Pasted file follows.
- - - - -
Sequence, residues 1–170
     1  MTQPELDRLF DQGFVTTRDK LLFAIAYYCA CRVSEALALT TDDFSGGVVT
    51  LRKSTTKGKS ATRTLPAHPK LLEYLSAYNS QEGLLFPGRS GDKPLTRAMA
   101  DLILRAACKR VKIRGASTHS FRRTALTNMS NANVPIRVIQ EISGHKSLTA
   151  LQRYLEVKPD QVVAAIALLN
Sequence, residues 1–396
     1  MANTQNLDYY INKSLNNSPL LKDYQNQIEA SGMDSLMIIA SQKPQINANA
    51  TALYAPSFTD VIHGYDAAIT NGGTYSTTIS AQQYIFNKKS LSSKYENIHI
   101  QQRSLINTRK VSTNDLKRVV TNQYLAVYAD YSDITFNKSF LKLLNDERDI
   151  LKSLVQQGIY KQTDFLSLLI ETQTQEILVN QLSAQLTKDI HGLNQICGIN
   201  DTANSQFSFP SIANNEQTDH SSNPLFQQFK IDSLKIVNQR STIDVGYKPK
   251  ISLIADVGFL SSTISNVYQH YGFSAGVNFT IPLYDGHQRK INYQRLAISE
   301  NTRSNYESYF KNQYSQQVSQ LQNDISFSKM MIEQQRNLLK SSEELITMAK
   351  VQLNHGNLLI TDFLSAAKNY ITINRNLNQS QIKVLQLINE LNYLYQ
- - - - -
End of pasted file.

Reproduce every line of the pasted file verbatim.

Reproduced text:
Sequence, residues 1–170
     1  MTQPELDRLF DQGFVTTRDK LLFAIAYYCA CRVSEALALT TDDFSGGVVT
    51  LRKSTTKGKS ATRTLPAHPK LLEYLSAYNS QEGLLFPGRS GDKPLTRAMA
   101  DLILRAACKR VKIRGASTHS FRRTALTNMS NANVPIRVIQ EISGHKSLTA
   151  LQRYLEVKPD QVVAAIALLN
Sequence, residues 1–396
     1  MANTQNLDYY INKSLNNSPL LKDYQNQIEA SGMDSLMIIA SQKPQINANA
    51  TALYAPSFTD VIHGYDAAIT NGGTYSTTIS AQQYIFNKKS LSSKYENIHI
   101  QQRSLINTRK VSTNDLKRVV TNQYLAVYAD YSDITFNKSF LKLLNDERDI
   151  LKSLVQQGIY KQTDFLSLLI ETQTQEILVN QLSAQLTKDI HGLNQICGIN
   201  DTANSQFSFP SIANNEQTDH SSNPLFQQFK IDSLKIVNQR STIDVGYKPK
   251  ISLIADVGFL SSTISNVYQH YGFSAGVNFT IPLYDGHQRK INYQRLAISE
   301  NTRSNYESYF KNQYSQQVSQ LQNDISFSKM MIEQQRNLLK SSEELITMAK
   351  VQLNHGNLLI TDFLSAAKNY ITINRNLNQS QIKVLQLINE LNYLYQ